I wrote a blog a while back on how to effectively write research papers. While I definitely enjoyed that blog, I admit I jumped at the chance to write about persuasive arguments, because they happen to be my favorite type of essay. Research papers are good, safe assignments to have, because all of your facts are right there, and you are simply spelling them out for your audience. A persuasive argument, on the other hand requires a lot more “you” in your paper.
There is a risk you are taking whenever you enter into this territory. You are essentially being tasked with changing someone’s mind. Anyone who has ever entered into an argument (in real life, or especially online) knows that this is no easy task. The advantage of writing persuasive papers is that you have the entirety of an essay to make your point, back it up, and present a strong argument without interruption. You get to be opinionated, even cop a little attitude, and that’s always fun. I’ve assembled a list of a few tips to help you craft a good persuasive argument, but for starters, go ahead and get riled up about something. That’s always the best place to begin.
Make a Strong Introduction and State Your Case
Remember that you are coming at this from the angle of trying to convince someone else that your ideas are correct. A strong introduction, and a clearly stated stance are critical to a successful argument. You want to be clear and unequivocal while avoiding being forceful or standoffish.
You want to omit terms like “I think…”, or “I guess…”, because these do not sound certain. Inform your readers of the issue at hand matter-of-factly, and begin to convince them that your way of seeing it is the best way, and the right way. Establish a moral or ethical high ground. Coming at your argument from the stance of “My way is right,” is impactful, without being insulting to your audience.
Present your Opposition, and Refute It
In order to understand the importance of your persuasive argument, your audience also needs to be in on the opposition’s feelings on the matter. This may seem counter intuitive, but it is actually very important to give the opposing view a little air time in your presentation. You don’t want to be snide, or belittling, but do take every opportunity to discuss the flaws and drawbacks of your adversaries.
Believe it or not, it is also okay, even advisable to point out the aspects of the opposite viewpoint that you agree with, or at least concede to. Often, you may find that there is an aspect to the counter argument that you find to be right in line with your own thinking, and you should expand on that. Still, go on to talk about why your ideas are better overall. Perhaps there are loopholes in the opposing argument which your stance addresses. Perhaps the opposition’s processes would lead to problems. Spell it all out, just make sure that your views come out on top in the end.
Reconfirm and Elaborate on Your Issue
Now that we have heard about your stance, and the opposing stance, tell us why this is so important to you. It is okay to get a little personal and editorial in persuasive arguments. Putting a reason behind your thinking can help guide your audience through the same thoughts and emotions that led you to your own conclusion. As you list out facts, back them up with personal anecdotes or observations when appropriate. Remember, you are trying to make your audience feel the same way you do, so don’t forget to being feelings into it.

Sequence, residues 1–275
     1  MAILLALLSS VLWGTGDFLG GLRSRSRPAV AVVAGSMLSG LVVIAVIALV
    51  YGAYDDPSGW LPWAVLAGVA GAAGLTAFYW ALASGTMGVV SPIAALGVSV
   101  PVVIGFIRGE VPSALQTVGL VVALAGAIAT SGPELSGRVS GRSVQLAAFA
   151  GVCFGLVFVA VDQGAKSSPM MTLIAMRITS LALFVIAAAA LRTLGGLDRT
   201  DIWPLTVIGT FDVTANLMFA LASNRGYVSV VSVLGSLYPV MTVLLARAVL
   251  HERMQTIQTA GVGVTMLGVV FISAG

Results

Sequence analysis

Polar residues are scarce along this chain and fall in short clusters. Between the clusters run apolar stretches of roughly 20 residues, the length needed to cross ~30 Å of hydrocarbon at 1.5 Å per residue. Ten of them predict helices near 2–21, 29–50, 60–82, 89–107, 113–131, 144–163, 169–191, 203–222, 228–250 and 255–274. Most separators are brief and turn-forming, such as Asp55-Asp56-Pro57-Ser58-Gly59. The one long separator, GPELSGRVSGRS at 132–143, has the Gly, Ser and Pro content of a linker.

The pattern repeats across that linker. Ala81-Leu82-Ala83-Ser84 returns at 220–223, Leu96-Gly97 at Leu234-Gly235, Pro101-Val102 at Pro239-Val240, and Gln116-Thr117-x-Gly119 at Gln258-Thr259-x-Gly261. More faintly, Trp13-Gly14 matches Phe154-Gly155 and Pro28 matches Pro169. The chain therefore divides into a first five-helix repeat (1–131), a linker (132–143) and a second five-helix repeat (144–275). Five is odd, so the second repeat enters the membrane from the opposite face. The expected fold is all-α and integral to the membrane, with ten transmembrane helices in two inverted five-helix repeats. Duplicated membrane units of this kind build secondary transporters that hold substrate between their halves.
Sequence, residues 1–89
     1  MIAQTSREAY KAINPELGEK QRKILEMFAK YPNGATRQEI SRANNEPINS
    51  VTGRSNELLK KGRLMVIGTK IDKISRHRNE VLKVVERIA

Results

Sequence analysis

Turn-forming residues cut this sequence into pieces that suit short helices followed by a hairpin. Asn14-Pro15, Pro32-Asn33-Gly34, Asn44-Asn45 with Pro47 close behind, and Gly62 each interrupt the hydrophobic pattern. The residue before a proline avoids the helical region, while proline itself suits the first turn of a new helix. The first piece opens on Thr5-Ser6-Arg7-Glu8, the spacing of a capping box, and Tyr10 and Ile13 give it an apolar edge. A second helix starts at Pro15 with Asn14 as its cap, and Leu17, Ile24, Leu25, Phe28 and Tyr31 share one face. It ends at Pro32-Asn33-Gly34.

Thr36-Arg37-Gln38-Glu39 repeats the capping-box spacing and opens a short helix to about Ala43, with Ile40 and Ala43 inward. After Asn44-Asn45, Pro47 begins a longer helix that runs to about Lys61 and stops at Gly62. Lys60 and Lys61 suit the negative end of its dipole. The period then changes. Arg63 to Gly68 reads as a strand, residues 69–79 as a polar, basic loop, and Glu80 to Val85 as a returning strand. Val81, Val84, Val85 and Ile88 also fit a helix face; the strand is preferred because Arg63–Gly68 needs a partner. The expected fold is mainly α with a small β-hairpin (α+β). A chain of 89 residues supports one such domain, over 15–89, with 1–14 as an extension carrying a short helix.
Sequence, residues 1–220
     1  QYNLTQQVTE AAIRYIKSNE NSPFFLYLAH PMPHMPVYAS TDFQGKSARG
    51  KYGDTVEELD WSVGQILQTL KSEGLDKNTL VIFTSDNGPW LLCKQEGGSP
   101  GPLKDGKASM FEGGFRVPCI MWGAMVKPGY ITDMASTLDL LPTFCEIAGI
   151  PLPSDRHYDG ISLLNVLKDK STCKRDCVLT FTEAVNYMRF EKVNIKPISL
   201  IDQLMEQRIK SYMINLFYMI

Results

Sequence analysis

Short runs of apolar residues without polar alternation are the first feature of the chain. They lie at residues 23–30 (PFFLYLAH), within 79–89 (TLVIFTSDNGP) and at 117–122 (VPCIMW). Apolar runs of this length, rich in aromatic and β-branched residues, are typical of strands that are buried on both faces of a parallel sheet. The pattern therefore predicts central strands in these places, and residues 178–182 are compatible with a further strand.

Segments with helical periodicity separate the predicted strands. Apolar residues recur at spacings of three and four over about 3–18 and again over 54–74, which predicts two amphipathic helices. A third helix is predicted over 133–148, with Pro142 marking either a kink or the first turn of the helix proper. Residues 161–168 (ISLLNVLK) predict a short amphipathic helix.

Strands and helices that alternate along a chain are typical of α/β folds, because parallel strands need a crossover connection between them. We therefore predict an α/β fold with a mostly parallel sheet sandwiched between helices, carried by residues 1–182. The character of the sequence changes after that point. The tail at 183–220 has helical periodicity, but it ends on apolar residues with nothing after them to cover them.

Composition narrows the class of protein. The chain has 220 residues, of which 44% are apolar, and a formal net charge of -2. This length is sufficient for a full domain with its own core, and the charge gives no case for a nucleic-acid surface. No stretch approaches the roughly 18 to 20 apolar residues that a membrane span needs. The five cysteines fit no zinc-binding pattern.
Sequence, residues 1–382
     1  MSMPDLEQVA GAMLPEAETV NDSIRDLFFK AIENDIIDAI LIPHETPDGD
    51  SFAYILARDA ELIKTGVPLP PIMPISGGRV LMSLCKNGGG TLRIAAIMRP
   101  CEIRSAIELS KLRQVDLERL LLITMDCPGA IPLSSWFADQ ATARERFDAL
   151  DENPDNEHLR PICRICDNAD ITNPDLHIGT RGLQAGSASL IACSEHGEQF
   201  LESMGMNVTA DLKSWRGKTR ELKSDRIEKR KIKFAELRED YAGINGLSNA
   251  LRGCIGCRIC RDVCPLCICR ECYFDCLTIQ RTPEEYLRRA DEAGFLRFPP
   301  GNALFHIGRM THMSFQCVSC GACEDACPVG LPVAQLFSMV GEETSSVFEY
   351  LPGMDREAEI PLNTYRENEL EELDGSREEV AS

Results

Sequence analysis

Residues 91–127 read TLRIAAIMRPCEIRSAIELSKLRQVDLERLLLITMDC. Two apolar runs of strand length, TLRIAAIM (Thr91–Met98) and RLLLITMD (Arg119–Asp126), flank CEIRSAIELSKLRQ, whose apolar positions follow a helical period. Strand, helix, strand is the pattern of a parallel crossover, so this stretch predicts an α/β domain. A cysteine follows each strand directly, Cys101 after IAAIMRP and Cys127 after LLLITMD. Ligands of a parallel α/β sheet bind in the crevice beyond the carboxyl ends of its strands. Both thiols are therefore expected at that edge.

Also take some time to discuss the hot button issues surrounding your argument. Often, there is a bit of controversy involving these types of issues, and you should talk about them openly. People might have already been persuaded one way or the other after following these issues in the news, or by hearing about them through friends. Your argument is a chance for them to experience it in another way. Present hard evidence along with your personal asides, but do play on emotions a bit. Many readers respond well when they feel personally included in your argument, so take advantage of the chance to get through to them.
This is also an excellent time to cite expert opinions and include quotes. Are there well known and respected public figures who feel the same way you do? Bring them into your argument and use their knowledge and credibility to further position your viewpoint as being the right one. Sound bytes from authority figures can go a long way in persuading your audience.
State Your Final Conclusion
You have brought your audience with you thus far. You have presented your argument, spoken about why it is important to you, deconstructed your opposition, and given your readers reasons to agree. Now is the time where you make a strong closing argument. Recall the facts you presented earlier, and reassert their importance. Remind readers of the impact this issue can have on their own lives, and why they should carefully consider your viewpoint. Back up your thesis with a final conclusion that ties it all together. You want your audience to agree with you, but you also want them to feel like they have arrived at this conclusion on their own. You did not “make” them feel this way, instead you gave them every reason why they “should” feel this way. Because it is right, it is morally superior, and because the opposition is wrong.
Above all, try to have fun with your persuasive argument. You chose this topic for a reason, and now is your chance to show everyone why. Put a lot of yourself into your argument, and show that you are 100% behind it.
Udemy.com has lots of great courses to help you with writing skills as well as debate skills. Check out these links for more info: